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I personally work in the industry without a degree, so it's possible to do so. (Come to think of it, my dad got into the industry as a tester about 25 years ago without a college degree of any kind so this is nothing new.) It's probably less possible if you're 18 than if you're 38, but either way it's going to be hard, and you're going to need to be at least a little bit lucky. However, software development is absolutely not teaching high school or fixing peoples' teeth. You do not have to have a degree in the subject, you just have to prove that you can do the job. Proving that you can do the job is going to be really, really hard.

Some of the tips I have:

  • Boot Camp: I was lucky enough that my first job in IT included a kind of boot camp up front (I still needed to pass a round of coding tests but this gave me skills in a very specific vertical that really helped me get my career off the ground). There are a lot of bad ones out there and it can be really expensive, but I also know that this kind of thing works for people.

  • Community College courses: My local community college had an accelerated program to learn development and have a project under your belt within about a year if you were willing to take a lot of courses. Your mileage may vary on those places, although if you live in a tech-heavy city there are bound to be a couple of places like this. This won't necessarily be cheap either but it's still a whole hell of a lot less expensive than a 4 year school.

  • Volunteer: There are lots of places out there who need some small level of development but might not be able to pay for it. Check here, for example. You're not, of course, going to be making any money off of this but that's not the point. The point is to build up your portfolio and your resume so that in a couple years time you're not knocking on peoples' doors as an 18 year old kid with no experience, you're doing so as a 20 year old with a list of projects you can show off.

  • Expect to be taken advantage of.: I'm not going to mince my words here: it is possible that you could find someone willing to employ you as an entry level 18 year old. These places are not likely to be terribly reputable and you're going to wind up getting grossly underpaid in all probability, but like with the volunteer stuff the point here is to get your proverbial foot in the door and build your resume and portfolio.

  • Get a degree in something else. If your particular hang-up isn't so much going to school as it is going to school for CS (and I would not blame you if it was; depending on the college some CS degrees are notorious for the amount of theory that is taught at the expense of real-world skills), by all means feel free to get a degree in something else. In fact, knowing how to write code but having a background in something decidedly non-codey can really open up your options.

  • Why don't you want to go to college? Most people who do go into the industry do have a degree in CS (and I think you'll find that the vast majority of people who pursue CS degrees are like you in that they've been writing code for years already). I'm not at all saying that you have to bite the bullet, and I know how hard this is to do when you're 18, but it might help to have a few honest moments with yourself and assess why it is you really don't want to go to school. Is it finances? As has been noted, there are things you can do about that. Did you get bad grades in high school? I can tell you from personal experience that if you get a 2 year degree first, most colleges won't even care what you did in high school. Do you have a learning disability like dyslexia or ADHD? You would be surprised at how accommodating schools try to be with that kind of thing (and speaking of which, you might be doubly surprised how many programmers have steady jobs in spite of those conditions) if you only reach out beforehand.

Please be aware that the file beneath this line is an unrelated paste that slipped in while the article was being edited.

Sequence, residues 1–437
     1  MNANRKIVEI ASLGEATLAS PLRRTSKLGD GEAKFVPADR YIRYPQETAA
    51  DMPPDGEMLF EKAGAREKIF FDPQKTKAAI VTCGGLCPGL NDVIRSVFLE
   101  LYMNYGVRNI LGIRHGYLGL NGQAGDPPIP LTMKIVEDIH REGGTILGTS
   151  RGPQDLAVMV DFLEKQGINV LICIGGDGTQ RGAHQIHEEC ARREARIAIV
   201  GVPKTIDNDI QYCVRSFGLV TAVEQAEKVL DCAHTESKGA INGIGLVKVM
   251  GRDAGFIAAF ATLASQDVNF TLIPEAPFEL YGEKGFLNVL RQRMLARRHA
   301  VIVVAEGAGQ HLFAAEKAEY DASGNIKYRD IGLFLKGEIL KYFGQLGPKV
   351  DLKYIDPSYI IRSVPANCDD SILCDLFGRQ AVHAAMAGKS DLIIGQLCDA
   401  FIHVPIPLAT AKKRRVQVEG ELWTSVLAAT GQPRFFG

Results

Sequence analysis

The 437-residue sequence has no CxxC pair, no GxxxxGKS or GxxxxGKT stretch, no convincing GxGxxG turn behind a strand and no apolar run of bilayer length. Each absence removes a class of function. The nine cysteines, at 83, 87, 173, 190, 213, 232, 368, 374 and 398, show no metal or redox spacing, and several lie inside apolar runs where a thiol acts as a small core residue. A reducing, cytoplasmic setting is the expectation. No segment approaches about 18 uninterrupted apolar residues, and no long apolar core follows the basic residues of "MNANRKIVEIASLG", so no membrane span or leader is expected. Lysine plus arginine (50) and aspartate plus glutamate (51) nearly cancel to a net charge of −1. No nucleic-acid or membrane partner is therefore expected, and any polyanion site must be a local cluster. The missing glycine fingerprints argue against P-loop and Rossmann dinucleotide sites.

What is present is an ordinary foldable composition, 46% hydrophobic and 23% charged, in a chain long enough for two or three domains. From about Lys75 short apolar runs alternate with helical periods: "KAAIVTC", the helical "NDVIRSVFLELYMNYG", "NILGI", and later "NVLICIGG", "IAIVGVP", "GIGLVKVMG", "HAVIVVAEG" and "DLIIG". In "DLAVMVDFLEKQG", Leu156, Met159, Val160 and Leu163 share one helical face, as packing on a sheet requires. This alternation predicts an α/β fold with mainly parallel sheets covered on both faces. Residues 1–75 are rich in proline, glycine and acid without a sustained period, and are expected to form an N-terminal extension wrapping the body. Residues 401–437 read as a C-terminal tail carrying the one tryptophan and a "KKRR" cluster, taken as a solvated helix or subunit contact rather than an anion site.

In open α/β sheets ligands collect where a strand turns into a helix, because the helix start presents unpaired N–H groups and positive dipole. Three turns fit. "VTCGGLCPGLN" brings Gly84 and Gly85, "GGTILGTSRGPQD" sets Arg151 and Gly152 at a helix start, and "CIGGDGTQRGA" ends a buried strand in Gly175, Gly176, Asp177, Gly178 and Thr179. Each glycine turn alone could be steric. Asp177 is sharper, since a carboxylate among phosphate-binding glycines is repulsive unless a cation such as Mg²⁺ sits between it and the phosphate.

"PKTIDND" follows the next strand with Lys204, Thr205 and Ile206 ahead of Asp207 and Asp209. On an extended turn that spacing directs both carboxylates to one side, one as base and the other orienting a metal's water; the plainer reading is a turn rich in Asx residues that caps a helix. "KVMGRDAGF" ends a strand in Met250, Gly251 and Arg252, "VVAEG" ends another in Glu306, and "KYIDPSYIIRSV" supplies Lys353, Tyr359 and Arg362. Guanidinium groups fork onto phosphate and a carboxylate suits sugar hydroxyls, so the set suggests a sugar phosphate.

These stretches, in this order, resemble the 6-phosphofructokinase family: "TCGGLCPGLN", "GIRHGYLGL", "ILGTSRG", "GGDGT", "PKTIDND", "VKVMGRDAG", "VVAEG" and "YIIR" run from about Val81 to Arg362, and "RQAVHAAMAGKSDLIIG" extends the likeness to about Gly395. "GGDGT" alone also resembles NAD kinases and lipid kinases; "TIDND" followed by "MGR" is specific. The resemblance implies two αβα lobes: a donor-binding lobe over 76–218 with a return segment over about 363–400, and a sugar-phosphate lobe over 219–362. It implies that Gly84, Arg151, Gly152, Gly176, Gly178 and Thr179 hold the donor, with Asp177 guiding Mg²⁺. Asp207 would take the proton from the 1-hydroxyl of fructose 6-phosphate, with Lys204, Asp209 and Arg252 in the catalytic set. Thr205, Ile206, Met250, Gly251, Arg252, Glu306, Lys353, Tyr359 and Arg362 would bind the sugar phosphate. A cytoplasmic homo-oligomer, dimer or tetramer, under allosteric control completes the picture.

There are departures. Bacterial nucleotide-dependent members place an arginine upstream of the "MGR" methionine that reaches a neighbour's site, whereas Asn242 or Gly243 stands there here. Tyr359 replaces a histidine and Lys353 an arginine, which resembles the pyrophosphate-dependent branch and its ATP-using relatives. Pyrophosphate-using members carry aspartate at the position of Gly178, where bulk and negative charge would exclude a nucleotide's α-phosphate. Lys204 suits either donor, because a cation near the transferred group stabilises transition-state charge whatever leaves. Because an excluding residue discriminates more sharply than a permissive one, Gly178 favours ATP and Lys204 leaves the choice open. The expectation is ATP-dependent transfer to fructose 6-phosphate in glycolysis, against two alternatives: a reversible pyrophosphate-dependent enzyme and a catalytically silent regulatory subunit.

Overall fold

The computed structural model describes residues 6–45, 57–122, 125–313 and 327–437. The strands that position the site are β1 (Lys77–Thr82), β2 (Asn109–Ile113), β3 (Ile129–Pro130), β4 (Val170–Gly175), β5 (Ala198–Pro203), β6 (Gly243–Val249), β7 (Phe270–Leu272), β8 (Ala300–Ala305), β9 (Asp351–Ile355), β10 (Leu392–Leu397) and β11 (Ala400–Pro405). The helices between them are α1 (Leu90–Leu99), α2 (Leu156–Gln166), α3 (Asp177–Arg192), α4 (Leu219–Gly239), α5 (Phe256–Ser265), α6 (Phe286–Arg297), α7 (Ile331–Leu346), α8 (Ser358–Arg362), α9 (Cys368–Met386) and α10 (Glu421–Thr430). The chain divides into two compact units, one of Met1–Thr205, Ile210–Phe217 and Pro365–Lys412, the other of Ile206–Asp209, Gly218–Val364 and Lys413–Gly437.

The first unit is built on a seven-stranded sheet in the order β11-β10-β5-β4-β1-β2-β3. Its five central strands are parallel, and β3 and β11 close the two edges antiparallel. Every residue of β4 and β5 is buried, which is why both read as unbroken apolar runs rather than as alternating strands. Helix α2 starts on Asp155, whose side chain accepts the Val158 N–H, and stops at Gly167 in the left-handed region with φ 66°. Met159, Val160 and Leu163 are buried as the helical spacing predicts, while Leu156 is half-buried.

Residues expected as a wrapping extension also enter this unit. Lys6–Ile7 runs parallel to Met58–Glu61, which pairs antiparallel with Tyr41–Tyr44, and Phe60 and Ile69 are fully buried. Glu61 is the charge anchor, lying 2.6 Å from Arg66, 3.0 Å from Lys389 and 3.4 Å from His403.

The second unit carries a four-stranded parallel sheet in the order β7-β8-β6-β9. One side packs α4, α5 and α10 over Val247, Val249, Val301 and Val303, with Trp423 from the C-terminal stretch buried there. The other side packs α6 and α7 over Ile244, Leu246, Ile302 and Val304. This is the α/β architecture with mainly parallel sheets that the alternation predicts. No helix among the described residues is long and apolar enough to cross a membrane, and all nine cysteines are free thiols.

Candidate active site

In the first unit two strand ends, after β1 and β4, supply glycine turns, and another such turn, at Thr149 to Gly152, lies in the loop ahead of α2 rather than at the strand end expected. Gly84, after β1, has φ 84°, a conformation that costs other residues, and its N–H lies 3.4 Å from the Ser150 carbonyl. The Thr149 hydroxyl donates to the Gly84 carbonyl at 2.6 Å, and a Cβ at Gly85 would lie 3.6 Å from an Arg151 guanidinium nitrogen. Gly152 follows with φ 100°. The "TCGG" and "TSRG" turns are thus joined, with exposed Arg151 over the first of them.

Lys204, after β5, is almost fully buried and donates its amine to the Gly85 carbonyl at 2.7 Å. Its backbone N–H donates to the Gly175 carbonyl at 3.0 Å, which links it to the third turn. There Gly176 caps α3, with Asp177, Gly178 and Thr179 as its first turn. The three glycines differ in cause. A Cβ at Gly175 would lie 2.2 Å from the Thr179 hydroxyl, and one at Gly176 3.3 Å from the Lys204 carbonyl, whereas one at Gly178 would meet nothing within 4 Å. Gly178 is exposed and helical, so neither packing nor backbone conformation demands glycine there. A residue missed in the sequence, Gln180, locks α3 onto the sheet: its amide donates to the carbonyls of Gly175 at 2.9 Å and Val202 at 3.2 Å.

So yeah... as long as you realize that you're taking the road less traveled and are therefore making things a lot harder than they necessarily need to be, yes, absolutely, you can work in programming without a degree.

  • But do you have a college degree at all? – user70848 Jan 9 '17 at 0:39
  • Yes, but since I got into software development I have literally been asked about said degree once in an interview situation and then it was "wow, how does a person with a degree in English wind up working in IT?". The answer to a trivia question, not necessarily a pathway to work. – NotVonKaiser Jan 9 '17 at 2:06
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what things it would take for you to consider hiring a kid out of high school over someone with a CS degree?

Sorry, but I want to be honest here.

For an entry level job, there are no cases I can think of where I would take a kid out of high school over a degreed college graduate.

There are simply too many risks, and no need to take the chance. At least in my part of the US, there are always plenty of applications with degrees.

Additionally, if your High School grades haven't been good, that's likely to count against you.

Consider taking some other job and trying to get a degree through night classes in a Community College while you work.